Pennies for Powell: Putting a face onto an ARS cancer survivor


Lily DiFrank

On March 3rd, (add year here) Mary Elizabeth (M.E.) Powell (9) woke up with a sore throat and didn’t think much of it. She brushed it off, as well as the lack of energy, as allergies. On March 4th, she knew something was wrong. Powell’s energy was drained barely being able to make it from her car to her doctor’s office just to get tested for strep. She tested negative for strep and mono, so they drew blood and waited for a call. Later on that day, Powell got a phone call from her mom telling her to pack a bag for the hospital; they wanted to do some additional testing.


On the journey from her house to the hospital, her mother started talking about her blood and bone marrow. All of the levels were not where they should be. Immediately her mind shot to leukemia, expecting the worst. Finally, they got the word that Powell did in fact have AML leukemia. The very next day she started chemotherapy with her friends, family, and team of supporting doctors.


Going through chemotherapy was not all rainbows and sunshine. Your immune system gets knocked down because of the radiation, which makes you vulnerable to getting sick very easily. Unfortunately, during the third round that Powell had to undergo, she got very sick and fluid began to fill up in her lungs. She was put into a medically induced coma and was also put on an ecmomachine which helps circulate oxygen and blood through the body. Powell was in the ICU for two weeks with a 20% survival rate.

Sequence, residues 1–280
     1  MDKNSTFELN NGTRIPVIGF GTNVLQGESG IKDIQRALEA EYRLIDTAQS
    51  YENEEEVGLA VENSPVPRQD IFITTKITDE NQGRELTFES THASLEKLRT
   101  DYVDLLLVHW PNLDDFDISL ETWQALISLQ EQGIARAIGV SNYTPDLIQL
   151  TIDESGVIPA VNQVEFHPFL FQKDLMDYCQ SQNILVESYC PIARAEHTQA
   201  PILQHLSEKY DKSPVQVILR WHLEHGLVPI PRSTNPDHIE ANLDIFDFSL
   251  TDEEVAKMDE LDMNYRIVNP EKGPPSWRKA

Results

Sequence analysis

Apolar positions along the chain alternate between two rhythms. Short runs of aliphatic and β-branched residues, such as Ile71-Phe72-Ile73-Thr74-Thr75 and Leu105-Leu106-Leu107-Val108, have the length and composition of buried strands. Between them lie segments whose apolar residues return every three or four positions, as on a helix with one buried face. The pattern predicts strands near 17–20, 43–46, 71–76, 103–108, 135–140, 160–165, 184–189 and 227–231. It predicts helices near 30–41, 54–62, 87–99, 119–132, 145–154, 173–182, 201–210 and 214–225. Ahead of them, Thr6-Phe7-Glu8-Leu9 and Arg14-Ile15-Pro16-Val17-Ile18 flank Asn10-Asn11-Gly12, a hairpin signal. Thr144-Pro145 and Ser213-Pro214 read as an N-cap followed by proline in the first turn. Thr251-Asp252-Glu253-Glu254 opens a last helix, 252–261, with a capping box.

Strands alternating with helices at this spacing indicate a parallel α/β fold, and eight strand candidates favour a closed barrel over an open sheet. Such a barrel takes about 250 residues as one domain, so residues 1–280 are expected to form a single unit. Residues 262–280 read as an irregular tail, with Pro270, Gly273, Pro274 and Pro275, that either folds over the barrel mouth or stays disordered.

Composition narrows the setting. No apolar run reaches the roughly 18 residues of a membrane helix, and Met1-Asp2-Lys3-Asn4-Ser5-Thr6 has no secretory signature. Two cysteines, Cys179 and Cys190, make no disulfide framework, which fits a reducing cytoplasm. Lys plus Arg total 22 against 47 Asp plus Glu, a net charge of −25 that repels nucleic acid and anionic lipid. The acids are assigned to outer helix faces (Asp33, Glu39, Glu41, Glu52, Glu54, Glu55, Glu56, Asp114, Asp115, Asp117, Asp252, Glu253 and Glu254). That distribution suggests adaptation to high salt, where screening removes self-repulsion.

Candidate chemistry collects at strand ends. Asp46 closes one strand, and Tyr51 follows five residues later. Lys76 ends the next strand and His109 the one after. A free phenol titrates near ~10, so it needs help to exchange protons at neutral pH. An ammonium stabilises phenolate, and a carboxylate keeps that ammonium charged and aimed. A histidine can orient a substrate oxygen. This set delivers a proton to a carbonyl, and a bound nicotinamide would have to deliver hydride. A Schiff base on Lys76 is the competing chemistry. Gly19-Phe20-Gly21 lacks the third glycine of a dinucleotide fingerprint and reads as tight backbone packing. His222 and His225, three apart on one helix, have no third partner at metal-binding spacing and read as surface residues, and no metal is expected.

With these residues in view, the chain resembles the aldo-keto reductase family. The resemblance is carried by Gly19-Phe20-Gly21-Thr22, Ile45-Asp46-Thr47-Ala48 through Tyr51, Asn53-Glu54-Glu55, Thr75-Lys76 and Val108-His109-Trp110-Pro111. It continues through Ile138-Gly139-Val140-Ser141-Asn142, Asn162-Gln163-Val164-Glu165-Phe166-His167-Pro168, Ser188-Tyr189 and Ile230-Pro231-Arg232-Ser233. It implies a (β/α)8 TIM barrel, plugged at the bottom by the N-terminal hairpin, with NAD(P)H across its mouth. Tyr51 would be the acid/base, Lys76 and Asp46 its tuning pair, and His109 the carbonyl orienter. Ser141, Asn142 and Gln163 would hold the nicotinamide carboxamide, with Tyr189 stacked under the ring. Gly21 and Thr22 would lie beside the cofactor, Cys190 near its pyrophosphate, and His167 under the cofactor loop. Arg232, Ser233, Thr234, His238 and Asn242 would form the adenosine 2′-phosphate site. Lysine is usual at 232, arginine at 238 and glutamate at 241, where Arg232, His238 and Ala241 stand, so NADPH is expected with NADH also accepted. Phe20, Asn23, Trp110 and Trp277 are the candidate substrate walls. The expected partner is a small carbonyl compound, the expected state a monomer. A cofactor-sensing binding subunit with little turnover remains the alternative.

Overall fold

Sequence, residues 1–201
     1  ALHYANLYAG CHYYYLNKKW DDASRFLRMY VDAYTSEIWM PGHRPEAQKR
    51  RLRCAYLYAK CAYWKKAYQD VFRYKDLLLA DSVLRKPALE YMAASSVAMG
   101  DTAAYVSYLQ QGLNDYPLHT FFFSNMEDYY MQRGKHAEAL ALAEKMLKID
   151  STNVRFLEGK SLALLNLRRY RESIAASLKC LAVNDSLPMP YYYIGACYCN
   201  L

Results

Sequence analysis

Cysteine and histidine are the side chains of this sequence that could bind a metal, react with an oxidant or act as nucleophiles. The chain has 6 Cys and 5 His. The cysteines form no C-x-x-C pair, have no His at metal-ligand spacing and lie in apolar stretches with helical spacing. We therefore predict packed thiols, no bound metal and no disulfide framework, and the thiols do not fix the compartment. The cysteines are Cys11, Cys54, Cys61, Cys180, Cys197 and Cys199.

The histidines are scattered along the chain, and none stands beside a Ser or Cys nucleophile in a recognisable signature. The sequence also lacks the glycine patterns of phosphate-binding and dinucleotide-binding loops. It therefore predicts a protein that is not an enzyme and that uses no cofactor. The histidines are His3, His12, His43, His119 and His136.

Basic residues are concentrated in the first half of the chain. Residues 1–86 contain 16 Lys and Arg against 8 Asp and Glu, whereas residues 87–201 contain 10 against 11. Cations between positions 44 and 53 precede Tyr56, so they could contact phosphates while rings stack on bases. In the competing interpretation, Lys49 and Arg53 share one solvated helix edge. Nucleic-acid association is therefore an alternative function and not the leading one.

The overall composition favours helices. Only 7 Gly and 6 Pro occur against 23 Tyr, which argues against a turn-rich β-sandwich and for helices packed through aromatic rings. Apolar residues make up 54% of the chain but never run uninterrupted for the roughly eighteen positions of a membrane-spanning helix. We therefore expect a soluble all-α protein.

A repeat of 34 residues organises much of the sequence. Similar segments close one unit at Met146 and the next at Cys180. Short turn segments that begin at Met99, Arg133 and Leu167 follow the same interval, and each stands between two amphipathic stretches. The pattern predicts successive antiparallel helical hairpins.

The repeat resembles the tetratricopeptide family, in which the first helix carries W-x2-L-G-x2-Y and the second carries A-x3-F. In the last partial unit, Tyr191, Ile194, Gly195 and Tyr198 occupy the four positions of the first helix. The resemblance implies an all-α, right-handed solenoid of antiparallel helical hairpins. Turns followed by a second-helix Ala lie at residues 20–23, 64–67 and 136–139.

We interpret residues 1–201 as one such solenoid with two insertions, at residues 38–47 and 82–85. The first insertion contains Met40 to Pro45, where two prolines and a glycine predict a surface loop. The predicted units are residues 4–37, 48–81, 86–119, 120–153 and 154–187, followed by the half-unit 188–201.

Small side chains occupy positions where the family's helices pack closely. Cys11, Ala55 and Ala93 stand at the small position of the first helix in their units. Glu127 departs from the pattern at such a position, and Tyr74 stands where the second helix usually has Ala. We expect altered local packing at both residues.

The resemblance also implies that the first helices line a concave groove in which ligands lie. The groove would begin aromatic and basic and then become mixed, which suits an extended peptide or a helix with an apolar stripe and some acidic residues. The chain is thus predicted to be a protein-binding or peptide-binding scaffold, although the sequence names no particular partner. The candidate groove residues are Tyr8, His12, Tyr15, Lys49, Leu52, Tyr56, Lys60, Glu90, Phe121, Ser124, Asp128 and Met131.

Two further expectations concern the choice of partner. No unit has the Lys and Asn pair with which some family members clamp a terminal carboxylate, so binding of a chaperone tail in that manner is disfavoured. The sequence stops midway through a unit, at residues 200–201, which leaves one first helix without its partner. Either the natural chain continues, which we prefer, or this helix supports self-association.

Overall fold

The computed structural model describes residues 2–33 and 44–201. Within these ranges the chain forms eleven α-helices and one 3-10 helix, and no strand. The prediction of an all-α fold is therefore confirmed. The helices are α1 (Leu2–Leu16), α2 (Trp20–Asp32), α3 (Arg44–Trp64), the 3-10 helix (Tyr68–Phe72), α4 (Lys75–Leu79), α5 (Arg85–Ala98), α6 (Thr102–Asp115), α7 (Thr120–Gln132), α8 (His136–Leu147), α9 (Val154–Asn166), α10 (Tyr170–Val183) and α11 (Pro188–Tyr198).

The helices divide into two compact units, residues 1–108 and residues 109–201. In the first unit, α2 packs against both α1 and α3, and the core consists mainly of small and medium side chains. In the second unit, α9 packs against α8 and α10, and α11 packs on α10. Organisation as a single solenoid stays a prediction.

One of the happiest moments in Powell’s journey was getting out of the ICU, because it lifted a lot of weight off of everyone’s shoulders. The entire time she was in the ICU, M.E.’s friends, family, and team of doctors were worried about how things would turn out.


Another thing that made her happy was Pennies for Patients, an organization that student have been donating to for two weeks. Pennies for patients helps support patients and their family throughout the process of fighting cancer. Pennies for Patients also works with an organization called Big Love. Big Love visits patients every week, and goes to the store to get patients things that will make them feel joyful and more at home. The patients could say that they wanted a Gatorade or a magazine, and next time they went out they would bring the patient back what they wanted and make their day a little brighter. Pennies for Patients also helps when it comes to helping pay for a bag of chemo or a shot, or even something like paying the mortgage on a patient’s house; anything to help the family keep moving forward and with a little more peace of mind.


Finally after six long months of Powell trying to get better, she left the hospital to go back to the cozy and welcoming environment of her home sweet home.  
“You kind of take your health for granted when you’re so healthy, because it’s not a big deal that you can walk around, and you can sit in class all day,” Powell said.  “When you have to stay in a hospital bed all day every day you realize, like, how much you have and how thankful you should be.”